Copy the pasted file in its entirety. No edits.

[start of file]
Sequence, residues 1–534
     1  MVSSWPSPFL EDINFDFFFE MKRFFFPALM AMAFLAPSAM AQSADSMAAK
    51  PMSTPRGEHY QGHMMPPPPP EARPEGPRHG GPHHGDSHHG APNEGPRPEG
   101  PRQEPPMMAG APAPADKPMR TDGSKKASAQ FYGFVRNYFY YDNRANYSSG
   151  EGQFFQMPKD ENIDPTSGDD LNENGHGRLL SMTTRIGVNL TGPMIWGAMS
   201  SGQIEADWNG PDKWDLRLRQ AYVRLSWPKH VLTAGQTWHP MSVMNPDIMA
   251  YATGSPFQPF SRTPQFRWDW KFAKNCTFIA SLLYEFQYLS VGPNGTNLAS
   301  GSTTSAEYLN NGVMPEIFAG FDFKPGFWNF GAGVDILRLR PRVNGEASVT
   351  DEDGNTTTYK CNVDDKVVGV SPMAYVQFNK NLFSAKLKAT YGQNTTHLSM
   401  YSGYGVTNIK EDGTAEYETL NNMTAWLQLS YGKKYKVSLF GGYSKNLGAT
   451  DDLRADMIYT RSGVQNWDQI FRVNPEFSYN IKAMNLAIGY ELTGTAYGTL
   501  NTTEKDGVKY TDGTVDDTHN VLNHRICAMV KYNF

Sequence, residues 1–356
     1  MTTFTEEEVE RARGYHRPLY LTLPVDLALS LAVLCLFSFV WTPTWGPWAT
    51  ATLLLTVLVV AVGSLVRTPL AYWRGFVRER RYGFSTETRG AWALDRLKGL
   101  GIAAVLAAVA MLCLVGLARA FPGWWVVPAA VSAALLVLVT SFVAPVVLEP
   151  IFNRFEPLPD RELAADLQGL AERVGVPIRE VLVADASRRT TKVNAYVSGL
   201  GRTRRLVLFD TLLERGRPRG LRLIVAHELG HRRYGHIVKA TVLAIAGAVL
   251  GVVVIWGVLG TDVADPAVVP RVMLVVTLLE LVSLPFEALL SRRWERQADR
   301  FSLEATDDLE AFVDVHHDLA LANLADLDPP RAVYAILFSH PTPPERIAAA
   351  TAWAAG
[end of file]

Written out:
Sequence, residues 1–534
     1  MVSSWPSPFL EDINFDFFFE MKRFFFPALM AMAFLAPSAM AQSADSMAAK
    51  PMSTPRGEHY QGHMMPPPPP EARPEGPRHG GPHHGDSHHG APNEGPRPEG
   101  PRQEPPMMAG APAPADKPMR TDGSKKASAQ FYGFVRNYFY YDNRANYSSG
   151  EGQFFQMPKD ENIDPTSGDD LNENGHGRLL SMTTRIGVNL TGPMIWGAMS
   201  SGQIEADWNG PDKWDLRLRQ AYVRLSWPKH VLTAGQTWHP MSVMNPDIMA
   251  YATGSPFQPF SRTPQFRWDW KFAKNCTFIA SLLYEFQYLS VGPNGTNLAS
   301  GSTTSAEYLN NGVMPEIFAG FDFKPGFWNF GAGVDILRLR PRVNGEASVT
   351  DEDGNTTTYK CNVDDKVVGV SPMAYVQFNK NLFSAKLKAT YGQNTTHLSM
   401  YSGYGVTNIK EDGTAEYETL NNMTAWLQLS YGKKYKVSLF GGYSKNLGAT
   451  DDLRADMIYT RSGVQNWDQI FRVNPEFSYN IKAMNLAIGY ELTGTAYGTL
   501  NTTEKDGVKY TDGTVDDTHN VLNHRICAMV KYNF

Sequence, residues 1–356
     1  MTTFTEEEVE RARGYHRPLY LTLPVDLALS LAVLCLFSFV WTPTWGPWAT
    51  ATLLLTVLVV AVGSLVRTPL AYWRGFVRER RYGFSTETRG AWALDRLKGL
   101  GIAAVLAAVA MLCLVGLARA FPGWWVVPAA VSAALLVLVT SFVAPVVLEP
   151  IFNRFEPLPD RELAADLQGL AERVGVPIRE VLVADASRRT TKVNAYVSGL
   201  GRTRRLVLFD TLLERGRPRG LRLIVAHELG HRRYGHIVKA TVLAIAGAVL
   251  GVVVIWGVLG TDVADPAVVP RVMLVVTLLE LVSLPFEALL SRRWERQADR
   301  FSLEATDDLE AFVDVHHDLA LANLADLDPP RAVYAILFSH PTPPERIAAA
   351  TAWAAG